Sunday, 29 November 2009

CRU 'Climategate' Code Analysis

I'm sure you've all seen the news articles and blog posts about the 'hacked' CRU data, but no one's actually explained what these people have done. This is the first 'code in context' post, designed to thoroughly and accurately show exactly what manipulation the CRU 'scientists' (in the loosest sense of the word) have performed.

Also, unlike the CRU and NASA scientists, I will publish my source and methods so that you can recreate the results if you want to.

First off... all the files can be downloaded from the Ironic Surrealism blog here.

Secondly, if you're on a linux/mac system, you'll already have 'grep' available on the command line (if you don't know what this is, grep allows you to search for certain strings inside multiple files). If you're on Windows, then download Cygwin or grep for windows.

At the command line, go to the directory with the CRU folder, for me this was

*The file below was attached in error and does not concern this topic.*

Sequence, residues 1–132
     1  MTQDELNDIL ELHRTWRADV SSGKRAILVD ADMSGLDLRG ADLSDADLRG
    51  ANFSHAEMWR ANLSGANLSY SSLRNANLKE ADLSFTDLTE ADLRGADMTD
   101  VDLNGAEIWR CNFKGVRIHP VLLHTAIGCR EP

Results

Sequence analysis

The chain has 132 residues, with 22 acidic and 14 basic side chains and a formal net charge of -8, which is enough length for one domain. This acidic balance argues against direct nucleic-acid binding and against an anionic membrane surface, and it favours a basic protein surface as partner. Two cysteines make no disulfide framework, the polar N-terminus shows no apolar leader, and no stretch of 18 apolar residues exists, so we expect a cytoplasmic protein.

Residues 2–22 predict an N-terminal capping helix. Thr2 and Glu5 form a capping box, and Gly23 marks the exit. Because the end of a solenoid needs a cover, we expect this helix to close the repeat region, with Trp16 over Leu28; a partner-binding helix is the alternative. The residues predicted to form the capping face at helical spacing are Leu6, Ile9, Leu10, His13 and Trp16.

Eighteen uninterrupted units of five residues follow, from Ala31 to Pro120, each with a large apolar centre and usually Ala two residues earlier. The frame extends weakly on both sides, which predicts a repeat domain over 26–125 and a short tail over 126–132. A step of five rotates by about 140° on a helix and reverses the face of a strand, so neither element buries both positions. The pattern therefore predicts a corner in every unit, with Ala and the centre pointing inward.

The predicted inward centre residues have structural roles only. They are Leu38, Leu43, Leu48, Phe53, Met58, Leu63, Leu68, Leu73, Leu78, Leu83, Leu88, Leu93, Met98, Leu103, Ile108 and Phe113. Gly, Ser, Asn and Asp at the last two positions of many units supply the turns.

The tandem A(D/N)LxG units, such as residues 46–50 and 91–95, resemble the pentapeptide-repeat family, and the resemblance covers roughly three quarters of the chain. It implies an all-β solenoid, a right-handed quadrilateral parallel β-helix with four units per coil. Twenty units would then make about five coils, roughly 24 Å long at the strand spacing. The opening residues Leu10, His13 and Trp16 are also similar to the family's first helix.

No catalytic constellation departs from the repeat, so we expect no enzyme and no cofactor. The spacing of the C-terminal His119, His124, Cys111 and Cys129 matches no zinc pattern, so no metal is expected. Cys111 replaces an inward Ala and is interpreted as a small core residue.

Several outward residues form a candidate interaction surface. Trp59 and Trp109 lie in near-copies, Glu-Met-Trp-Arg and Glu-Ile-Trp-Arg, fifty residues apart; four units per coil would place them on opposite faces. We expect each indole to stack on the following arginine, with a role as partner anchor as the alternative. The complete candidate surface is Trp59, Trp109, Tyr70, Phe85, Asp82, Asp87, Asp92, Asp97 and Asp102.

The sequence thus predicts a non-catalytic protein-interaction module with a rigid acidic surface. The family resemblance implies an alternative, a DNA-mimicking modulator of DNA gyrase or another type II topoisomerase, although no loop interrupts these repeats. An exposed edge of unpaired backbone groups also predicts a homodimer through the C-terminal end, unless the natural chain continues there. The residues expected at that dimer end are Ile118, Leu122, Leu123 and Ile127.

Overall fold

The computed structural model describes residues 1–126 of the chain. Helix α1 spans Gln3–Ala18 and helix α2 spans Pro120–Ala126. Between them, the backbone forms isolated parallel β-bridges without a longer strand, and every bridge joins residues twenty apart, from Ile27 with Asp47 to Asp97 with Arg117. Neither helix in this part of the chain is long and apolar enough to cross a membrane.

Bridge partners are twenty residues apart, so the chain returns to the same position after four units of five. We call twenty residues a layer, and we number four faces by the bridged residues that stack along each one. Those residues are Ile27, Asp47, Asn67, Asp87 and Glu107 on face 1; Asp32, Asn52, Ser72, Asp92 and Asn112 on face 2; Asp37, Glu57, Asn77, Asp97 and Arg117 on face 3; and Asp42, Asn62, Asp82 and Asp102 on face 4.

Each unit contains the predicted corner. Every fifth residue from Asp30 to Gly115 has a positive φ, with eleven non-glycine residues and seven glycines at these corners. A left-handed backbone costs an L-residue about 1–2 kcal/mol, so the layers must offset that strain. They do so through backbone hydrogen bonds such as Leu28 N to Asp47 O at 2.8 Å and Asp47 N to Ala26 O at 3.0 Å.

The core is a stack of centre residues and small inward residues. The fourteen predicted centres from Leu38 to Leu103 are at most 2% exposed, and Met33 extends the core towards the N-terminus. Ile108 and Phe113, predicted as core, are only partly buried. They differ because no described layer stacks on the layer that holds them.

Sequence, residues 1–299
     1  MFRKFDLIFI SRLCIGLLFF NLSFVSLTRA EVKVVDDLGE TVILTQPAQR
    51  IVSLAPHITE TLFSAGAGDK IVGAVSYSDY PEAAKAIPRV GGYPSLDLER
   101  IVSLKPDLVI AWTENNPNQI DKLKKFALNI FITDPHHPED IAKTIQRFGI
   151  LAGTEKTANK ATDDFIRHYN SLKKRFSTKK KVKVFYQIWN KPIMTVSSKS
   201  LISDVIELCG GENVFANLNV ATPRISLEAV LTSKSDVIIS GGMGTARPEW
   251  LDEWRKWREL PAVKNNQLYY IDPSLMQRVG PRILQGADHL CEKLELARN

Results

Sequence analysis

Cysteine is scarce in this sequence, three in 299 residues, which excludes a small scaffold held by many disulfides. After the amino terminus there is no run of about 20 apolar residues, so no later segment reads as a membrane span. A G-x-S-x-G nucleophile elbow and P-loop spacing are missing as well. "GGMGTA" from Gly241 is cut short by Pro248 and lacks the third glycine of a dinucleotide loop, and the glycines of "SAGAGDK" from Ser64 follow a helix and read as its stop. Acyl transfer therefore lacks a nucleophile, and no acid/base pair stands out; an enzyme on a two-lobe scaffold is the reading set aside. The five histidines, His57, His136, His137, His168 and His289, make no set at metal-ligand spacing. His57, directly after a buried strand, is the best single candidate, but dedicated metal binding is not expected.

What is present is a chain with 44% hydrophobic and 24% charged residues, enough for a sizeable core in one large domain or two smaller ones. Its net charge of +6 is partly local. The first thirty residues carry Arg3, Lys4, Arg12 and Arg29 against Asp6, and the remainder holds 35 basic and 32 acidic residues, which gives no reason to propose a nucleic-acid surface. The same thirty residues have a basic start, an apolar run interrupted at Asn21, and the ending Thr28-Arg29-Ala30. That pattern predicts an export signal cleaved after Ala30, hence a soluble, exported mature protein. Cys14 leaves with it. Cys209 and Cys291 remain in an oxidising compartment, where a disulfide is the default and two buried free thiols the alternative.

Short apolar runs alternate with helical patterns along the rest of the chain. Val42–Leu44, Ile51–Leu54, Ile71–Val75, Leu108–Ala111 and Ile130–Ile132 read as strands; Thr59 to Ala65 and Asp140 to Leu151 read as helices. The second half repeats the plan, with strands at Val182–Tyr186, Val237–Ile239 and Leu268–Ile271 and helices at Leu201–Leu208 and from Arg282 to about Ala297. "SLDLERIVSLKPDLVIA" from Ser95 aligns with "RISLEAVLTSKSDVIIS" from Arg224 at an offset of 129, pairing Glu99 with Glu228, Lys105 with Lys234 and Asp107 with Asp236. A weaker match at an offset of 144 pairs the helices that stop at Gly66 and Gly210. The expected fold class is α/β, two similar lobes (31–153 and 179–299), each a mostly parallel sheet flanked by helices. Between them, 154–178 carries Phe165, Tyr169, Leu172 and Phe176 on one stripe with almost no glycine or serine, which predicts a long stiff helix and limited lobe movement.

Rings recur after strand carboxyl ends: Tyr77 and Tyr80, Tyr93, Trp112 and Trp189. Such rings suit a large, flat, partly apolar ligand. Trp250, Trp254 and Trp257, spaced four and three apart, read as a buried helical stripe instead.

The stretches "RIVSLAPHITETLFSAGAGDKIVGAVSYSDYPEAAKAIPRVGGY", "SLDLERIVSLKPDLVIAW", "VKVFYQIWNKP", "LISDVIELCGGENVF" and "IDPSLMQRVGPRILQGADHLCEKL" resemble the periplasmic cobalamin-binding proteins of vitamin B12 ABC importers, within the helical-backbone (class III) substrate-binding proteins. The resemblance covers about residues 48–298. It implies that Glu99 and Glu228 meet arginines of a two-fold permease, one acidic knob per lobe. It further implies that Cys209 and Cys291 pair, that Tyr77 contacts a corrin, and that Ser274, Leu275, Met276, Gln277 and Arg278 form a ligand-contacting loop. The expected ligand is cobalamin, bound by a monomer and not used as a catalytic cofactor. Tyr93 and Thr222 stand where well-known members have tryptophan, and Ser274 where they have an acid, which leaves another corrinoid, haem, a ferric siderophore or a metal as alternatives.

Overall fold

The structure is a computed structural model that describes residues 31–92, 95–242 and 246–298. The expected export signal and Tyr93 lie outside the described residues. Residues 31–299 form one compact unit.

cd Downloads/FOIA

Then the command to use is

find . -type f -exec grep -iH 'decline' {} \;

This will search every file inside every folder in the FOIA folder, and print out any file path and text which contains 'decline'. You can change the text inside the quotation marks to search for whatever you want - my personal recommendations are 'fudge', 'artificial', 'correction', 'delete' and 'crap'.

Let's start with 'correction' - one of the files that pops up is


with the example line


This is a good place to start - in the context of a research center for 'global warming', this comment requires a bit of clarification!...

Here's the first 12 lines from harris-tree/

; PLOTS 'ALL' REGION MXD timeseries from age banded and from hugershoff
; standardised datasets.
; Reads Harry's regional timeseries and outputs the 1600-1992 portion
; with missing values set appropriately. Uses mxd, and just the
; "all band" timeseries
2.6,2.6,2.6]*0.75 ; fudge factor
if n_elements(yrloc) ne n_elements(valadj) then message,'Oooops!'

This could be worth following up! The variable valadj is assigned an array (or 'vector' in IDL language) of hard-coded 'corrections', which are then multiplied by 0.75, followed by the comment '; fudge factor'.